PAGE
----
The definition of a design specification language from the standpoint of the information systems analyst is 'a functional (non-procedural) programming language whose notation allows for quick, elegant and concise definition of the procedures used to input, store, process and output information'.
    The importance of a clean, rigorous specification to systems analysis is also becoming increasingly clear (Belford and Taylor, 1976; Liskov and Zilles, 1975). The clarity of software design must be well in hand before it can be assessed for correctness, efficiency, cost and other design constraints external to the system itself. A uniform, abstract notation is sorely needed for communication of the essentials of their design to other analysts independent of any particular implementation of the design.
    In view of the above, APL or an extension thereof as a specification language has a number of attractive features. First, APL is in widespread usage and has been implemented to varying extents on many machines. APL is also mathematically amenable, highly symbolic and expressions are easy to write without temporary storage variables as well as without bothersome loops that index on array variables. Its powerful array operators lend themselves to functional (as opposed to procedural) statements. These features provide a recognised powerful design facility which can be used in the problem formulation and early design phase of a software project. For example, the use of APL in the design stage, augmenting FORTRAN, eliminated errors in the logical formulation stage (Kolsky, 1969). The primary features contributing to its success were the mathematical consistency and the inherent explicitness of APL program statements from a mathematical point of view.
    All of the above listed criteria are met by APL. Objections to ease of learning with respect to software'design applications should also take into account the fact that APL is much more than a design tool. The skills developed in the use of this facility can be transferred to non-design applications. Criterion 8 relates to the need for machine testing of designs. A formal language capable of expressing the design of a system at various levels of detail can be used directly for simulating the system at any stage in the top-down design process. Appropriate tables can be substituted for functions not yet detailed. Thus the opportunity is provided for 'live' catalogues on interactive systems in which functional units can be displayed and executed for gaining understanding of their behaviour (Falkoff, 1976). Criterion 9 seems to be particularly important since a formal definition of the APL operators has been used to provide a base for a deductive system for informally proving assertions about APL programs (Gerhart, 1972).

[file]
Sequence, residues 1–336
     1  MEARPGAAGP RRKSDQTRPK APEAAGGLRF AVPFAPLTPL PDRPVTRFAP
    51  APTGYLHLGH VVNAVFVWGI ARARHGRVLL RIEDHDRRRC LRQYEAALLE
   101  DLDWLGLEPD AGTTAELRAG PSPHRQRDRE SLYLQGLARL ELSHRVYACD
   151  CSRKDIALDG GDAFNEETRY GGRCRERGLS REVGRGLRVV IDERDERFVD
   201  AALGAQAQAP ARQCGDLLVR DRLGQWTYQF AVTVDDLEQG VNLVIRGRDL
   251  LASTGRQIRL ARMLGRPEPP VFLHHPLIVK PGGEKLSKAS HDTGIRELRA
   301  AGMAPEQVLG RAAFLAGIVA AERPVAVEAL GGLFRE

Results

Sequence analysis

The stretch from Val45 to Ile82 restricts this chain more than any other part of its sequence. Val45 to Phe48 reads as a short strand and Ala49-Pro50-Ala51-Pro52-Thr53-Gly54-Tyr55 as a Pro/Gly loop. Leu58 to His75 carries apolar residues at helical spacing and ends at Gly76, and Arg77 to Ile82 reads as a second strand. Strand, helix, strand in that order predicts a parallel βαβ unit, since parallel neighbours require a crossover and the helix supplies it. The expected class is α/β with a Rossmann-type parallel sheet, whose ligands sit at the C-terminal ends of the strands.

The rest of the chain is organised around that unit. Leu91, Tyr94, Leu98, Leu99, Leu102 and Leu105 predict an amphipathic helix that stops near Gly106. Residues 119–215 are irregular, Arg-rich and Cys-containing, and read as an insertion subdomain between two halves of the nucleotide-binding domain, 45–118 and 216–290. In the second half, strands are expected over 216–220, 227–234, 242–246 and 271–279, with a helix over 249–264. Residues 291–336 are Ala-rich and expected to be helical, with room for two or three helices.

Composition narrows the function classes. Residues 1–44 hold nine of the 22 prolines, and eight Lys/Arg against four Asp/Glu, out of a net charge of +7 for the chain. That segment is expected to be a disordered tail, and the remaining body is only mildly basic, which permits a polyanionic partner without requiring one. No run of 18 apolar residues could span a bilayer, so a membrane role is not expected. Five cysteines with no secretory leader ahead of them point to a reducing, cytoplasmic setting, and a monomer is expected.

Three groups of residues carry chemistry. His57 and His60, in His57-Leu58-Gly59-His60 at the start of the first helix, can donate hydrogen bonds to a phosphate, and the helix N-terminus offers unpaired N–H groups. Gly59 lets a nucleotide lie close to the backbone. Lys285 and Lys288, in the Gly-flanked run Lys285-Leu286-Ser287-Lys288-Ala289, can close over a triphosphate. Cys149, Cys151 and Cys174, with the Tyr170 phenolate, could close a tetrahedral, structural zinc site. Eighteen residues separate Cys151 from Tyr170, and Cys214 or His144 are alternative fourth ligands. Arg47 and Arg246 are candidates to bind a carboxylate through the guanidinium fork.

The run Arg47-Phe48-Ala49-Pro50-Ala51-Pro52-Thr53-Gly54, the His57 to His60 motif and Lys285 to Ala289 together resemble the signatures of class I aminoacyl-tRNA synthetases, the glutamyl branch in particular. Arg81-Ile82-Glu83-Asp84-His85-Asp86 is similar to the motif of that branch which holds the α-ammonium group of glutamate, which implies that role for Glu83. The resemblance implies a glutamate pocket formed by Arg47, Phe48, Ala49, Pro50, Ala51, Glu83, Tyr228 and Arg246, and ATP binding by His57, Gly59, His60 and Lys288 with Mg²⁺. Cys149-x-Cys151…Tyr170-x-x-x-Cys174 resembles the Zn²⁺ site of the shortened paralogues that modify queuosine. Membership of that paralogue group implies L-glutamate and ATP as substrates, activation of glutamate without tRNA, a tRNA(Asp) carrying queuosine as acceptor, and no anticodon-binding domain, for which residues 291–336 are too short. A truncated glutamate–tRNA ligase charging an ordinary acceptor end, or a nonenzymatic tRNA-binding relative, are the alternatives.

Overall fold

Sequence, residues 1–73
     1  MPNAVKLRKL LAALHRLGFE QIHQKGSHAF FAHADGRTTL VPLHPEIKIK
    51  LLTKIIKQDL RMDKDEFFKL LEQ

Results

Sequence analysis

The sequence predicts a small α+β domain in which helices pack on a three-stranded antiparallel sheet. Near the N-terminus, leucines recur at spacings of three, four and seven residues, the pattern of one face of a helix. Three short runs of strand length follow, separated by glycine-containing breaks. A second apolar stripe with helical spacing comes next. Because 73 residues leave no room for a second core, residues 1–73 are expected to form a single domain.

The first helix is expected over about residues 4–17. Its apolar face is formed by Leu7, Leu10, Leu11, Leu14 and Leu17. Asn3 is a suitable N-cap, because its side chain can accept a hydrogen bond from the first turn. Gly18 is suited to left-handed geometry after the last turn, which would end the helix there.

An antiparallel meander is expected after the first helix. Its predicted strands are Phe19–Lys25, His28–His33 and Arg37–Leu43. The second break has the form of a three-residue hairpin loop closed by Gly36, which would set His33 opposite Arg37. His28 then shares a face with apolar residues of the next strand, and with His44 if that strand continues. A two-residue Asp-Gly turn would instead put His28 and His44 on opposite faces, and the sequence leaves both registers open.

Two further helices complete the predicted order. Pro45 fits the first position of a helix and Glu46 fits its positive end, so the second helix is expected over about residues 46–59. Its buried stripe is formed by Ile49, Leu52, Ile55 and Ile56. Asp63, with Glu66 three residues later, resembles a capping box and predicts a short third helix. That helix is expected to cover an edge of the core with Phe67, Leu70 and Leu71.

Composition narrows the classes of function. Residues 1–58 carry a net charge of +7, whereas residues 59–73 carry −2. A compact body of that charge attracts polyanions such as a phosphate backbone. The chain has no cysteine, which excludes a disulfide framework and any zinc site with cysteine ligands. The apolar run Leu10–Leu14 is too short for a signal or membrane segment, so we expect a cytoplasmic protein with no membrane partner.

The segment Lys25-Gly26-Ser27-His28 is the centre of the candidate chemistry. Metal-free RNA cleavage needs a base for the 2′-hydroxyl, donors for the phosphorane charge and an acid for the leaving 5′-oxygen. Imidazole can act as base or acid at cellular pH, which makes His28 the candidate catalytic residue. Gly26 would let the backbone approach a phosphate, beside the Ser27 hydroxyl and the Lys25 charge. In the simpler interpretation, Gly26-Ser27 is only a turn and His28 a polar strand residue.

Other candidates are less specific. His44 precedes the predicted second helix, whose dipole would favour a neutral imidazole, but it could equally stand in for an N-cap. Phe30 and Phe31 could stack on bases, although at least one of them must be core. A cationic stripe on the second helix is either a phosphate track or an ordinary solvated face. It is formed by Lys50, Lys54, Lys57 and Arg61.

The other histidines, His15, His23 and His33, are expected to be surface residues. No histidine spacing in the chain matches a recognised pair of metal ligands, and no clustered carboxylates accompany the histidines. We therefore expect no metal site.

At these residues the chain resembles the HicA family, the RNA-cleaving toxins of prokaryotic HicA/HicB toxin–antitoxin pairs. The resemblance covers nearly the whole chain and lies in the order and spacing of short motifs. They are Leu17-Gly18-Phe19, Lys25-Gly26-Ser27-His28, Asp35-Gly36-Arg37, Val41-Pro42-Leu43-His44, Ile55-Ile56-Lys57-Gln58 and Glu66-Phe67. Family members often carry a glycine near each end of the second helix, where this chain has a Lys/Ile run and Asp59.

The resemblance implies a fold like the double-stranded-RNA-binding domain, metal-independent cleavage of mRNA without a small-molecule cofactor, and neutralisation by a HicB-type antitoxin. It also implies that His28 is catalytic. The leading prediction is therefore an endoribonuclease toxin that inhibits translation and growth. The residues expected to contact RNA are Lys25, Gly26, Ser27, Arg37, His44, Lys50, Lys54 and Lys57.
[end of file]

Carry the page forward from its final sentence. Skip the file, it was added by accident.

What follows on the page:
It may also, of course, be argued that APL has features which cause it to be undesirable as a software design language. An often mentioned fault is that of users taking advantage of the power of the language in the form of very complex statements or even perhaps complex single statement programs.These objections can be overcome by an extra measure of programming discipline which is required in the use of any high level language. In addition, however, the language, in its usual form, lacks the control structures that are known to enhance program design. The proposed extension of APL includes these needed features.

          in The Computer Journal 23(3) 1980 view details
  • Kupka, I. and Wilsing, N. "Conversational Languages" John Wiley, 1980 view details
          in The Computer Journal 23(3) 1980 view details
  • Allen, F. E. "The history of language processor technology in IBM" pp535-548. view details
          in IBM Journal of Research and Development, 25(5), September 1981 25th anniversary issue view details
  • Falkoff, Iverson: "A Source Book In APL"; 1981; view details
          in IBM Journal of Research and Development, 25(5), September 1981 25th anniversary issue view details
  • Hollis, IBM: "APL Programming Guide: Programming Conventions"; 1981; view details
          in IBM Journal of Research and Development, 25(5), September 1981 25th anniversary issue view details
  • Kay, Alan C. "Generic programming: APL and Smalltalk" view details